However, ByteDance seems ready for a legal battle. The Chinese government, for its part, seems restrained. But it could block the sale by banning the export of the technology on which the app is based. And without its algorithm, TikTok would be much less attractive. Also, it’s hard to set limits and block access to something as “fluid” as an app.

Besides these, such a short schedule is also a problem. Miller has spoken to various TikTok people recently who say that such a sale as a technical and operational issue cannot materialize so immediately. They will have six months at their disposal, “while the sale of Grindr by another Chinese company took a year,” explains the expert.

Many problems

If the application is eventually banned in the US, then it is certain that lawsuits will be filed regarding whether it violates the 1st amendment of the US Constitution. “The freedom of expression of American users, not foreigners or the Chinese government, will be suppressed,” says Miller.

And there is also the price. Some analysts believe that despite all the difficulties, TikTok could be sold for more than 50 billion dollars (45.8 billion euros). Companies that can spend such an amount are few, such as Apple, Amazon, Google, Meta, Microsoft or Netflix. If one of them bought the platform, then it would be targeted because it would own a lot of very important technology. Alternatively, all or part of TikTok could be spun off into an independent public company – or transferred to US private equity giants.

After the vote in the House of Representatives, former Treasury Secretary Steven Mnuchin said he was working to create a group of investors to buy the company – but did not provide further details. The irony of course is that Mnuchin was one of the people pushing to sell the app four years ago while he was a member of Donald Trump’s Cabinet.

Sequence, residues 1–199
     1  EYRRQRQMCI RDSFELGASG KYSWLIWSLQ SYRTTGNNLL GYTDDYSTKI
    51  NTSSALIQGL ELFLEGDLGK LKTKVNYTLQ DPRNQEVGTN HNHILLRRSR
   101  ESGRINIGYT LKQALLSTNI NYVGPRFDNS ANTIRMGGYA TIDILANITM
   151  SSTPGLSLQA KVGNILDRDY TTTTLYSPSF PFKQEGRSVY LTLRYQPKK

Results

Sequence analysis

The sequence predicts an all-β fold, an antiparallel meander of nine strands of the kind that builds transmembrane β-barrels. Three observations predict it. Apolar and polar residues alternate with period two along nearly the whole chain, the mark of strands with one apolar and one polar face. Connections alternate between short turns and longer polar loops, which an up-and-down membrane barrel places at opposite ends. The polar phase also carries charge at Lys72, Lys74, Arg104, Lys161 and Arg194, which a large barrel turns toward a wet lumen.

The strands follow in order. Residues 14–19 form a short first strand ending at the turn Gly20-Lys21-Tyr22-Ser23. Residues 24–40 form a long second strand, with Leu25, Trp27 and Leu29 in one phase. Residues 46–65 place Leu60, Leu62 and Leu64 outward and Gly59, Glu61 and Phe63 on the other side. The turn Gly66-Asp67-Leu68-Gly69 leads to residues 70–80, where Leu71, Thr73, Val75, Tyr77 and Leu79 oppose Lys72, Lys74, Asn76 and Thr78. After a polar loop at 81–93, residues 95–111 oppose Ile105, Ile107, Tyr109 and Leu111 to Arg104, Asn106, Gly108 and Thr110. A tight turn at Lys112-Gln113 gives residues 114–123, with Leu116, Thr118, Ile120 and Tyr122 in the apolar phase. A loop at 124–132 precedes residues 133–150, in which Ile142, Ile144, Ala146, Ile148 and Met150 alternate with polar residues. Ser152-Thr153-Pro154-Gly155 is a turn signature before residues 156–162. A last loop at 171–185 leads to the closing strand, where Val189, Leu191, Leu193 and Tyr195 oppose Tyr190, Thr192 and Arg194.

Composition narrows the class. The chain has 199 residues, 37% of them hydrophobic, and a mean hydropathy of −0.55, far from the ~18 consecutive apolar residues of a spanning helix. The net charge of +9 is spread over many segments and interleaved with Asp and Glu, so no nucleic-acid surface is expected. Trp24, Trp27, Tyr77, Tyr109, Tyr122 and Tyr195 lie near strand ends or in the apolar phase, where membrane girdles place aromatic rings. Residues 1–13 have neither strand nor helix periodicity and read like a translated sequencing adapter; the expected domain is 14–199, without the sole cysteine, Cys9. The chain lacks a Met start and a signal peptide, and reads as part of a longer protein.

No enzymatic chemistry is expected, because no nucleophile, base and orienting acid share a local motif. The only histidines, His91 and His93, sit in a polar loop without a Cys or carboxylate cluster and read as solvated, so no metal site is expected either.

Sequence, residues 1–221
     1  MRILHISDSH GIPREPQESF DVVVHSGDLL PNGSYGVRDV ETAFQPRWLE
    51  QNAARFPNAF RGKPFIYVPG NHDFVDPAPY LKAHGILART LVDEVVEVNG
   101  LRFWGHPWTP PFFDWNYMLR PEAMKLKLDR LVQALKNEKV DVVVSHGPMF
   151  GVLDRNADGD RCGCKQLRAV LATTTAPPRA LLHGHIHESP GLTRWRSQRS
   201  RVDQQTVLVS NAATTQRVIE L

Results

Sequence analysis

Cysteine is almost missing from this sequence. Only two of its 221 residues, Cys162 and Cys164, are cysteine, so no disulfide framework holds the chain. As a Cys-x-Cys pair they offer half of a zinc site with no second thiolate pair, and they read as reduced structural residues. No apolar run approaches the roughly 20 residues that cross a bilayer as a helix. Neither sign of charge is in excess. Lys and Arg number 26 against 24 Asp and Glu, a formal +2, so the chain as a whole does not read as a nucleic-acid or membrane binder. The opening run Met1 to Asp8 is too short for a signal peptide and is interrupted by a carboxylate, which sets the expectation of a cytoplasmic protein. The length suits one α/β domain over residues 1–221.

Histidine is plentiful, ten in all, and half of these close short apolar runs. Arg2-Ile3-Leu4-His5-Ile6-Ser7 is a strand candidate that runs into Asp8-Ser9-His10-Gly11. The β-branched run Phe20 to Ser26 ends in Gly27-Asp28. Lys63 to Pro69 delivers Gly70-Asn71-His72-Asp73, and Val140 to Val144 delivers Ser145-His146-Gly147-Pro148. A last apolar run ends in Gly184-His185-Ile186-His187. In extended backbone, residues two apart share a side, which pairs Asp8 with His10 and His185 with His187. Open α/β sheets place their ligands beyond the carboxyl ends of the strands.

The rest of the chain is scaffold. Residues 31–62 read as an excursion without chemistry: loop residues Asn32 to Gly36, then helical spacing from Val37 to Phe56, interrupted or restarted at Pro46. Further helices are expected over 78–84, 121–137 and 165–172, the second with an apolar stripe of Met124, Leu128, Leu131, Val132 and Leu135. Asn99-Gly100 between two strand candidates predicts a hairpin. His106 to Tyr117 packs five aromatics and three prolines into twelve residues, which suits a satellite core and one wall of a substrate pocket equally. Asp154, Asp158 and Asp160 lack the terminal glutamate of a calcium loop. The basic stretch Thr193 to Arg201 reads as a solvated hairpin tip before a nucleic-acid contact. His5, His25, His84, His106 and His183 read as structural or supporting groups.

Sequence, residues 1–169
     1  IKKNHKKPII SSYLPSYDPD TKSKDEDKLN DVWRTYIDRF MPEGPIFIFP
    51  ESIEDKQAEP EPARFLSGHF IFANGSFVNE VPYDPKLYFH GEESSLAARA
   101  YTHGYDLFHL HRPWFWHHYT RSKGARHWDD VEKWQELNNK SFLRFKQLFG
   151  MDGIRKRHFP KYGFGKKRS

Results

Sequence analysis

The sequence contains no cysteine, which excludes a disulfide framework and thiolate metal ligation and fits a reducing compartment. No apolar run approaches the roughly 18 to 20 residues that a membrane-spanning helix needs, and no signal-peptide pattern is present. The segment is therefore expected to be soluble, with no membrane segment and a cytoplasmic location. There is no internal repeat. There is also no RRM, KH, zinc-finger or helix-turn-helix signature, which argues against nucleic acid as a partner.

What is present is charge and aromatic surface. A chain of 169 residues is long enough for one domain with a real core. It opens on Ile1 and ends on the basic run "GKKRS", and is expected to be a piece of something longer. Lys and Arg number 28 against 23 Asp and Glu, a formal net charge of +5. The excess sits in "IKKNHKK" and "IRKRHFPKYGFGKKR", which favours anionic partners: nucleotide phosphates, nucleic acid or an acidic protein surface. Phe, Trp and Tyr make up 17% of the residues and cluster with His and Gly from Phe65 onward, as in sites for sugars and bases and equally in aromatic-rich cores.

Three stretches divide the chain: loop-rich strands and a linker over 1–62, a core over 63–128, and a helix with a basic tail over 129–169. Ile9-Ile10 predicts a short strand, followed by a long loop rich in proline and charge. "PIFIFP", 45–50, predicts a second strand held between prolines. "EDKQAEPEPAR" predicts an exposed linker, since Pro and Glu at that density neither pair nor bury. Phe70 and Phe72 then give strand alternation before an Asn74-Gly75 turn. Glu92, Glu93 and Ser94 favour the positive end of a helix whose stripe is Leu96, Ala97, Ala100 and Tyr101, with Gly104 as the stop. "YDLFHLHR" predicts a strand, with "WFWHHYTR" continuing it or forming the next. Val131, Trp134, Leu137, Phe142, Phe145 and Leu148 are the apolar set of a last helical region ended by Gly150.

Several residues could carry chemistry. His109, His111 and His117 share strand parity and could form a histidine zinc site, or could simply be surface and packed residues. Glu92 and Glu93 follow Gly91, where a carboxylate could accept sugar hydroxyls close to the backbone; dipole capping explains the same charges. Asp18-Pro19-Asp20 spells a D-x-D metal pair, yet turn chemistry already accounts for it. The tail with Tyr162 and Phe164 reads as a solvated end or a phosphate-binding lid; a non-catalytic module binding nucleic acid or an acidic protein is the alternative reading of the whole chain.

The issue is not just implementation

But then again the issue is not ultimately entrepreneurship or even national security according to Milton Miller. “This is a pawn in the broader competition for power between the US and China, which is also being exploited for symbolic reasons.”

“It is patently inaccurate to equate a commercial social networking app with espionage, just as calling the Singaporean CEO of TikTok an agent of the Chinese Communist Party is patently inaccurate,” but resonates with both Republicans and Democrats “who they see the U.S. as competing with China to maintain its hegemony,” Miller adds.

Enforcing a sale, however, would also set a dangerous precedent that could be used by other governments against US social media companies.

Miller expects such digital protectionism to lead to “less competition and innovation in the social media market.” And there will always be the next national security threat – perhaps Chinese-made electric cars or battery systems? The retaliation is never going to stop.

So, anyone interested?

Edited by: Giorgos Passas